Posted 12 July 2017
By Zachary Brennan
The US Food and Drug Administration’s (FDA) Oncologic Drugs Advisory Committee on Wednesday voted unanimously, 10 to 0, in favor of the benefit-risk profile for the first of a new kind of cancer therapy, known as a Chimeric Antigen Receptor T-cell (CAR-T) therapy.
Although the outside panel of experts raised questions about concerns with the safety and manufacturing of the Novartis treatment, known as CTL019 (tisagenlecleucel-T), the panel did not question the efficacy of the CAR-T therapy in relapsed and refractory (r/r) pediatric and young adult patients with B-cell acute lymphoblastic leukemia (ALL).
The National Cancer Institute’s James Gulley said in the panel discussion: "This is a product that has shown patient benefit, and I think our goal here is to try and find ways that we can make sure we have optimal safety and potency."
Other panelists called the treatment a "major advance" and that novel therapy meets a "dire, unmet need."
Novartis’ therapy has been granted a priority review designation (meaning six months for the FDA review, rather than the standard 10 months) based on a Phase II study in which 82% (41 of 50) of patients infused with CAR-T cells achieved complete remission or complete remission with incomplete blood count recovery at three months post CTL019 infusion. Novartis said Wednesday that overall survival in its pivotal trial was 89% at six months and 79% at 12 months.
Reflecting on the importance of Wednesday’s meeting, Wilson Bryan, director of FDA’s Office of Tissues and advanced therapies, said the agency recognizes there’s substantial interest among various stakeholders in the field of CAR-T and what was heard Wednesday "may be relevant and considered in evaluation of other applications in the class."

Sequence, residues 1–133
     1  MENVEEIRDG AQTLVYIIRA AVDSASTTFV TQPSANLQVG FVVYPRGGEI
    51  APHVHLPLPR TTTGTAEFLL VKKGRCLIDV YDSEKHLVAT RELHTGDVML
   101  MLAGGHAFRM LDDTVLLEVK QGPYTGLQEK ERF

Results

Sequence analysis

Samit Hirawat, Novartis' head of oncology global
development, explained the process by which the treatment is created with patients’
own cells that are transferred from the patient, moved to a dedicated manufacturing
facility in Morris Plains, New Jersey where the cells undergo enrichment and are
then cryopreserved and returned to the clinical site where patients are infused.
Bryan noted at the outset of the meeting, that it’s still not
clear how FDA or Novartis can assure patients that the marketed product would
be the same product as what was studied in clinical trials, though Novartis
will monitor patients for 15 years after treatment.
Novartis’ CTL019 is the first of many developing CAR-T therapies, which have put FDA in the unique position in which it has begun to monitor the safety events across more than 100 INDs.
Elizabeth Smith, SVP of regulatory affairs and quality at Juno Therapeutics, explained the potential for these new treatments in a comment on the Novartis meeting.
"The potential for CAR-T cells is immense. The promise of CAR-T cell therapy is evident not only in pediatric r/r ALL, but also across B Cell Malignancies, including adult ALL, aggressive r/r Non Hodgkin Lymphoma, and chronic lymphocytic leukemia. Beyond B cell malignancies, striking responses are also being seen in refractory multiple myeloma. In these heretofore intractable settings, data recently announced from Novartis, Kite Pharma, Bluebird Bio, and Juno show substantial improvements over existing therapies with unprecedented response rates and apparent long term benefi. The discussion at this ODAC may shape the development and innovation of this nascent treatment paradigm," she wrote.
Arie Belldegrun, CEO of Kite Pharma, added Wednesday: "Much of what CAR-T promises will be new. Not just to patients, but to the physicians who are evaluating these new therapies for their patients. While one-shot approaches to cancer, such as stem-cell transplantation, are an established part of the armamentarium, the idea that treatment can be given only once, in a hospital setting, is a game-changing approach."
Briefing Information for the July 12, 2017 Meeting of the Oncologic Drugs Advisory Committee